In some cases, you might be able to avoid purchasing a surety bond for licensing purposes by obtaining and submitting a letter of credit from an approved bank. For example, some states allow auto dealers to get a letter of credit from a bank authorized to operate in the state guaranteeing the prospective dealer will have access to the same amount of credit that they would otherwise be required to post as a surety bond.

There are some disadvantages to this approach, however. In order to secure a letter from your bank, they will take and hold cash value, lowering your working capital. And if a claim is filed against you, the bank will pay it. On the other hand, a bonding company will investigate the validity of any claims filed and will seek to resolve them without costing you any money.

How Much Do Surety Bonds Cost?

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The cost of a surety bond will vary, depending on the underwriting factors that were previously discussed, the bond amount that you need, and the bond type. People and businesses with the best credit and strong reputations receive the best quotes, and those who have poor credit and marks on their records receive the highest rates. Surety bonds cost anywhere from 0.5% up to 10% of the total bond amount or more.

Depending on your profession, you might be required to secure a surety bond. If you get a bond, ensuring that you always meet your obligations and comply with the law can help you to avoid claims and build a good record with your surety company. Building a good history can also help you obtain better surety bond rates in the future when it's time to renew your bond or purchase a different one.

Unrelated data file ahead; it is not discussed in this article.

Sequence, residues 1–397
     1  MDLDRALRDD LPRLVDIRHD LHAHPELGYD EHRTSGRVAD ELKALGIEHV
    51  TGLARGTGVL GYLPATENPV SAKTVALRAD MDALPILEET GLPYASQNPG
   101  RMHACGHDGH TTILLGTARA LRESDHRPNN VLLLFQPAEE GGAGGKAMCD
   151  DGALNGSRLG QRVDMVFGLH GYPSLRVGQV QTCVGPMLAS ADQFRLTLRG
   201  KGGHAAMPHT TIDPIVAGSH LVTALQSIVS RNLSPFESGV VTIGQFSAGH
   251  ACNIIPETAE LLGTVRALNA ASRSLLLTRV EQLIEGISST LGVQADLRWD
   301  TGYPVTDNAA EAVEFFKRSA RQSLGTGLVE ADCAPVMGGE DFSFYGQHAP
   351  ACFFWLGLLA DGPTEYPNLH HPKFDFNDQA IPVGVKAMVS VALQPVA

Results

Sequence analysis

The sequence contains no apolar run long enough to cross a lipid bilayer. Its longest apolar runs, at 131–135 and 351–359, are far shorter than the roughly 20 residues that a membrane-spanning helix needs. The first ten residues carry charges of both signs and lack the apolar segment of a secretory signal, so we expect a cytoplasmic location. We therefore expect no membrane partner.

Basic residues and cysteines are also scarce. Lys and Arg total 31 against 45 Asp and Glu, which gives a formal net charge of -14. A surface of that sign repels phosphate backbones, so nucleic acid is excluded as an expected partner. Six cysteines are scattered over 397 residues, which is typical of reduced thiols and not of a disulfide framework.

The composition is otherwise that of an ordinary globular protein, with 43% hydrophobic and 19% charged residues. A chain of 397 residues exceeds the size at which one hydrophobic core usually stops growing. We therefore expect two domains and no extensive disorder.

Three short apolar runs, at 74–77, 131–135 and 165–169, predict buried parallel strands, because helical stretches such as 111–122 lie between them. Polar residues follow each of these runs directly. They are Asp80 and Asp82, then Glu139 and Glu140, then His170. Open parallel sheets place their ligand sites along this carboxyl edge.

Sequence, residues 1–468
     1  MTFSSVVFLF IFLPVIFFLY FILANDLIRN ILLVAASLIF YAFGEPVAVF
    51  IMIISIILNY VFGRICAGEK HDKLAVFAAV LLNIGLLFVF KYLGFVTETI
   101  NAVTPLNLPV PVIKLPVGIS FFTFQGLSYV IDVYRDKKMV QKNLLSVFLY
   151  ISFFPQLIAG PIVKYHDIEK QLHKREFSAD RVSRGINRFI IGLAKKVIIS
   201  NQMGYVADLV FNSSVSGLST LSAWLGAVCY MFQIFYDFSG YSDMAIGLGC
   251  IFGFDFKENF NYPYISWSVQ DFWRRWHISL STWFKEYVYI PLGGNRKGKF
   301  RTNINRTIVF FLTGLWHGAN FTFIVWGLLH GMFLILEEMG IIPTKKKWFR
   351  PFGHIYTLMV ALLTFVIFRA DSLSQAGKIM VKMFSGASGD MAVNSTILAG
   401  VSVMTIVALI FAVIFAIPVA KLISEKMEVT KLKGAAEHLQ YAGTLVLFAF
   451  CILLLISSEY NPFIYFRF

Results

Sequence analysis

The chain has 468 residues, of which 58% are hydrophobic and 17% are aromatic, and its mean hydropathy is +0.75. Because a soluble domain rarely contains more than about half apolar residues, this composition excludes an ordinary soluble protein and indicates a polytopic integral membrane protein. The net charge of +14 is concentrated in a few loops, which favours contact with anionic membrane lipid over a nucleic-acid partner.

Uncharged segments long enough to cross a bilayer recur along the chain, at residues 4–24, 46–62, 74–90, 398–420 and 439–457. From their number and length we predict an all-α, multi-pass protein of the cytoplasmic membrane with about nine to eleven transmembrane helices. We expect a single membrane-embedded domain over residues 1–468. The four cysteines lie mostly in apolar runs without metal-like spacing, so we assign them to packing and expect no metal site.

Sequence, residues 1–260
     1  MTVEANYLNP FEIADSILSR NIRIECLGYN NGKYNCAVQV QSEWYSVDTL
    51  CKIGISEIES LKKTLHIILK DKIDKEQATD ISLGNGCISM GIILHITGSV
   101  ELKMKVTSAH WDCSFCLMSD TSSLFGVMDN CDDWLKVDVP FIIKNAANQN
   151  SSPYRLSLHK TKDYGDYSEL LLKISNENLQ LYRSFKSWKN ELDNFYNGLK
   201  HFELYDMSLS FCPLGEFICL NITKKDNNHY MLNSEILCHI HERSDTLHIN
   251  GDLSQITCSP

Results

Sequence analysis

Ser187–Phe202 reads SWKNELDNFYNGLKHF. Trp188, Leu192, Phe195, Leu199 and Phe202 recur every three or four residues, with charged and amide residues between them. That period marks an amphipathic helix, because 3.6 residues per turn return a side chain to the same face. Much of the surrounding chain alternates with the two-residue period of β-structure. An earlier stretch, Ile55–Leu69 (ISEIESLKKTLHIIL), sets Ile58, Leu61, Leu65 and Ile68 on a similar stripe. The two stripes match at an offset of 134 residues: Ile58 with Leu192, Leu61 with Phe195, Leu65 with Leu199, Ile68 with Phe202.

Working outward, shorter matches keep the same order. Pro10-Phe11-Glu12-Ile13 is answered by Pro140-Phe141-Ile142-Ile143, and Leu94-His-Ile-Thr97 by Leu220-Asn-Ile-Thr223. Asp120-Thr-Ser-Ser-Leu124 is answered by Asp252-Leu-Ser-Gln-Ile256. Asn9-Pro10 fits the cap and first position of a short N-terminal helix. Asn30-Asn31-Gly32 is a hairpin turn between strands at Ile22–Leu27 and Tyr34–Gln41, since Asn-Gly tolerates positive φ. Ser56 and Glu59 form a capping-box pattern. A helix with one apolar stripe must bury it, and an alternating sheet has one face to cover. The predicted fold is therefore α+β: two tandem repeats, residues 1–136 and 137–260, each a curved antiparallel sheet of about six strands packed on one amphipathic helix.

Surety bond premiums are quoted as a percentage of the required bond amount.

The exact cost of your bond will depend on:

  • The bond amount - the amount of your bond is determined by your state’s licensing authority or specified in construction contracts and documents
  • The type of bond - rates for different types of bonds differ based on the risk assumed by the surety when issuing a particular type of bond
  • Your financials - your credit score is the most important factor that influences your bond premium but your financial history is also taken into account

Where to Get a Surety Bond?

You can get a surety bond from a surety bond agency licensed in the state where you want to operate. Your bond quote provided by the agency will be based on the pool of surety bond companies it works with.

That is why it is advisable to work with agencies that partner with bonding companies that are A-rated and listed with the U.S. Department of Treasury (DoT).

surety bond company is the entity that issues and backs bonds financially. If a claim needs to be resolved and compensation paid out - the surety company steps in as the bond’s guarantor. Once a claim has been covered, the bond principal must reimburse the surety in full for any compensation it pays out.

Applicants typically cannot apply directly with a bond company because these companies do not work with the public. Instead, they can apply for a bond through bonding agencies.

About us:
Bryant Surety Bonds, Inc. is a surety bond agency based in Pennsylvania. Licensed in all 50 states and with access to over 20 T-listed, A-Rated bonding companies, we have the contacts, expertise, and top service to provide you with a hassle-free experience, all while offering competitive rates for your surety bond.